This Court finds defendant's arguments advocating a remand on this issue are reasonable and grants defendant's request to remand this issue. Commerce will reconsider the issue of Saarstahl's creditworthiness and make a finding as to whether a risk premium should be included in the calculation of the discount rate. Commerce shall reconsider the discount rate in light of Saarstahl's creditworthiness and recalculate the countervailing duties due, if any, as a result of the discount rate determination.

CONCLUSION

After carefully considering the arguments of all parties, this Court denies plaintiff's Motion for Judgment on the Agency Record, as well as plaintiff's Motion for Oral Argument. This Court denies in part and grants in part defendant-intervenor's Motion for Judgment on the Agency Record. This Court sustains Commerce's Final Affirmative Determination as modified by the Remand Determination with respect to issues not relating to privatization or allocation except with respect to the calculation of the discount rate in light of Saarstahl's creditworthiness. This Court remands this issue to Commerce for it to reconsider the discount rate in light of Saarstahl's creditworthiness.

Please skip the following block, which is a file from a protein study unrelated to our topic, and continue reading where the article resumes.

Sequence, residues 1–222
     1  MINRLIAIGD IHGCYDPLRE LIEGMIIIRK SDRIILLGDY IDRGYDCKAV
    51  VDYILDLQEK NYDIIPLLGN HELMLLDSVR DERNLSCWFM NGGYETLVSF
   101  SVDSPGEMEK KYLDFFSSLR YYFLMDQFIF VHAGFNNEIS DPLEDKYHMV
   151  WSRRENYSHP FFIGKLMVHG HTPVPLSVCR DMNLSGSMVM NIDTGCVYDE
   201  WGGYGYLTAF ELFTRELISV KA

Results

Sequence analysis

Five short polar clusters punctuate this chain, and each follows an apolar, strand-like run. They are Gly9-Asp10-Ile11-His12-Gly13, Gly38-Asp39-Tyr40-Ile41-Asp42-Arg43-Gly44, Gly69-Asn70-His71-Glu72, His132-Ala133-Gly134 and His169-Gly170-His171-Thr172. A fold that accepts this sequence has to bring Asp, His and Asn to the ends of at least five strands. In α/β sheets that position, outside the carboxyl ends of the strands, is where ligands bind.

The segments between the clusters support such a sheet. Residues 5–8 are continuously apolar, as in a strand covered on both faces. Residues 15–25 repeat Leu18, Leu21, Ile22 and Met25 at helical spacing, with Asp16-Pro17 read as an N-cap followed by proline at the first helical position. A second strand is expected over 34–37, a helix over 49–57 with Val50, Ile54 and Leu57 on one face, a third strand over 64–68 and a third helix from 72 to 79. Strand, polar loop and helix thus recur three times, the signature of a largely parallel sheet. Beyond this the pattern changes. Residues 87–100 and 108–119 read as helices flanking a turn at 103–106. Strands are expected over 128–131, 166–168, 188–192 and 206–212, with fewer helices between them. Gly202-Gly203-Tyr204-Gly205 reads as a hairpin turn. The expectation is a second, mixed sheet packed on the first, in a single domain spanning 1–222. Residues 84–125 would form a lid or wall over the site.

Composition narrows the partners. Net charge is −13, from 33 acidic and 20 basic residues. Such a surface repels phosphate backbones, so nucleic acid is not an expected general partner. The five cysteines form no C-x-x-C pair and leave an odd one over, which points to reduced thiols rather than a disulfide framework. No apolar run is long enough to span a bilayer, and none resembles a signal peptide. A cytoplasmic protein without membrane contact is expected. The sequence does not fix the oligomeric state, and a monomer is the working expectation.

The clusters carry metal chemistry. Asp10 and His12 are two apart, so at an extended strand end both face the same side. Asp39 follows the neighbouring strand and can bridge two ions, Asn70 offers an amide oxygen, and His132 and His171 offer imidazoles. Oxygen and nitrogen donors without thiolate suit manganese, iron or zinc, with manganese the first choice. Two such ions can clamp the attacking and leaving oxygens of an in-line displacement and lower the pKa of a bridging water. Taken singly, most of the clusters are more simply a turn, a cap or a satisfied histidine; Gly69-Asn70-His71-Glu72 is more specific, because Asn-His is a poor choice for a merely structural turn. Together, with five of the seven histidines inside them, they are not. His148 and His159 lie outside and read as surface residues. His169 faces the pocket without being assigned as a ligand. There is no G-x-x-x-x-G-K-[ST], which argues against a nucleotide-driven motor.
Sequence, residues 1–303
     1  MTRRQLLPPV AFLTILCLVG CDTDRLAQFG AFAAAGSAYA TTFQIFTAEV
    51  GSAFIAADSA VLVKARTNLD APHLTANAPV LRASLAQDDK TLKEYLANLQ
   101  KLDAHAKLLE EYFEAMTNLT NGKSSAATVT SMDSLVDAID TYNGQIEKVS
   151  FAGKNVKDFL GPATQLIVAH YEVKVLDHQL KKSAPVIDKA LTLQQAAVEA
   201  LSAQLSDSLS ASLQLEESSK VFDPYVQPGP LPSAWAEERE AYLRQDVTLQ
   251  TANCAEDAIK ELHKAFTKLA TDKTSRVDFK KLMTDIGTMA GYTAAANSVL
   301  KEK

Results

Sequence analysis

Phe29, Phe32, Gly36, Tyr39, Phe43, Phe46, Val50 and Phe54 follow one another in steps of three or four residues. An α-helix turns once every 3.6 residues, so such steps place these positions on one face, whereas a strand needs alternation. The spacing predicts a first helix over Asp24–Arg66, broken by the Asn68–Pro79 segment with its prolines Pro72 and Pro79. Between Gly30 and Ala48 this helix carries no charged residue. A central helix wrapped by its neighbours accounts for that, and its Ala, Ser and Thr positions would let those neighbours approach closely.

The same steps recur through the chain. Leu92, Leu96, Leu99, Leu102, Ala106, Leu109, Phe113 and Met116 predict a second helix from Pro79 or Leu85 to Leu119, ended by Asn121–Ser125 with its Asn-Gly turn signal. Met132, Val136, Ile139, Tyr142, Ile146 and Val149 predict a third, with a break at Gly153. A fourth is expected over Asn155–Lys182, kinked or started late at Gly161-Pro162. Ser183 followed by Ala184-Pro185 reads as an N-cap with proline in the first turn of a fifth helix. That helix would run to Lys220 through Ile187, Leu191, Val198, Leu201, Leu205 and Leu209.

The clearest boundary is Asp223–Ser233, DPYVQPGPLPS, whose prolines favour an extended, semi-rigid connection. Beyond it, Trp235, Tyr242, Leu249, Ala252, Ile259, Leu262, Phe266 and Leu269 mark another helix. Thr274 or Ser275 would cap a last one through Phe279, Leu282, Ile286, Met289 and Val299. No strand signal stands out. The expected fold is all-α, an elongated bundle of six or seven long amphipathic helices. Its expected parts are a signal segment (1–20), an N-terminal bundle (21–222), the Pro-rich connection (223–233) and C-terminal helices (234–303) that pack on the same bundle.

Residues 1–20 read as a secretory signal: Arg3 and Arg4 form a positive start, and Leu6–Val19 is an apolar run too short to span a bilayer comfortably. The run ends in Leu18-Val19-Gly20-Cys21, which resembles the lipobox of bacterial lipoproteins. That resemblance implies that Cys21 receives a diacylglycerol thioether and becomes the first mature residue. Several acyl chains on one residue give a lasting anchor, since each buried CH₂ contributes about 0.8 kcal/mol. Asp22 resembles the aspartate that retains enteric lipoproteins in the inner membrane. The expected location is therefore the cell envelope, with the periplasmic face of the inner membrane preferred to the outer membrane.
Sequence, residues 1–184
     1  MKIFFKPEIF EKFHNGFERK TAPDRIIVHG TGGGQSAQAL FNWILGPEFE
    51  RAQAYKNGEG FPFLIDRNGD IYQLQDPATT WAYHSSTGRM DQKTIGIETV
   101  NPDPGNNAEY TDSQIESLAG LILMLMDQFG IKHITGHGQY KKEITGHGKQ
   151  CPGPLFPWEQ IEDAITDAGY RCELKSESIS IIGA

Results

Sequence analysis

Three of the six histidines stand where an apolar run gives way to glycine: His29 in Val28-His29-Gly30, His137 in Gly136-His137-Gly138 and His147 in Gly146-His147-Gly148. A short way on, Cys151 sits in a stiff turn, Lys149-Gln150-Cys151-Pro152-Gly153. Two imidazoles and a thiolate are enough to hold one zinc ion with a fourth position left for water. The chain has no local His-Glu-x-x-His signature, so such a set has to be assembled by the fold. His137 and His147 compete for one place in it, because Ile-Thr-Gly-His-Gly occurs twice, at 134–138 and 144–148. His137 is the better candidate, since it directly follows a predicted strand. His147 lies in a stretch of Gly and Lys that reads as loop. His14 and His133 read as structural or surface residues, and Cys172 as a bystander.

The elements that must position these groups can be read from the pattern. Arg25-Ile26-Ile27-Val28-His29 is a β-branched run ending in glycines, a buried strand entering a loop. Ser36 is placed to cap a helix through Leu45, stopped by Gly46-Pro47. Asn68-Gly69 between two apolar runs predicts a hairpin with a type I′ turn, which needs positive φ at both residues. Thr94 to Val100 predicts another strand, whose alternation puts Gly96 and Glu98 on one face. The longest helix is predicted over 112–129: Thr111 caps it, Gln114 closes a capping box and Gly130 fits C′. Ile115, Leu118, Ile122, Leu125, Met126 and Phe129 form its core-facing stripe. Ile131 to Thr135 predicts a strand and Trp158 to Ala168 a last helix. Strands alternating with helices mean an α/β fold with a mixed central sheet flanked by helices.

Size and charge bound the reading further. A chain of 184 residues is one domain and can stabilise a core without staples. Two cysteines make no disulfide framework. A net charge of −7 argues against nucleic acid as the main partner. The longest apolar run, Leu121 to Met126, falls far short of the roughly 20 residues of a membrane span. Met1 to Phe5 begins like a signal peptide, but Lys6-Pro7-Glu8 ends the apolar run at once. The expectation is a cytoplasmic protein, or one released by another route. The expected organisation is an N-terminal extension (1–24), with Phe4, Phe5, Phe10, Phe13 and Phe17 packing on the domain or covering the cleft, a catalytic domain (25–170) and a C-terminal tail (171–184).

JUDGMENT ORDER

This case having been duly submitted for decision and this Court, after due deliberation, having rendered a decision herein; now, in conformity with said decision it is hereby

ORDERED that plaintiff's Motion for Oral Argument is denied; and it is further

ORDERED that plaintiffs' Motion for Judgment on the Agency Record is denied; and it is further

ORDERED that defendant-intervenor's Motion for Judgment on the Agency Record is denied in part and granted in part; and it is further

ORDERED that Commerce's Final Affirmative Determination as modified by Commerce's Remand Determination with respect to issues not relating to privatization is sustained except with respect to (1) the calculation of an uncreditworthy discount rate for Saarstahl, and it is further

ORDERED that this action is remanded to Commerce with instructions to (1) reconsider the discount rate in light of Saarstahl's creditworthiness and (2) recalculate the countervailing duties, if any, due as a result of the discount rate determination, and it is further

ORDERED that (1) Commerce shall file its remand determination with this Court no later than June 16, 1997. Any comments by the parties are due on June 25, 1997 and shall be limited to 10 pages.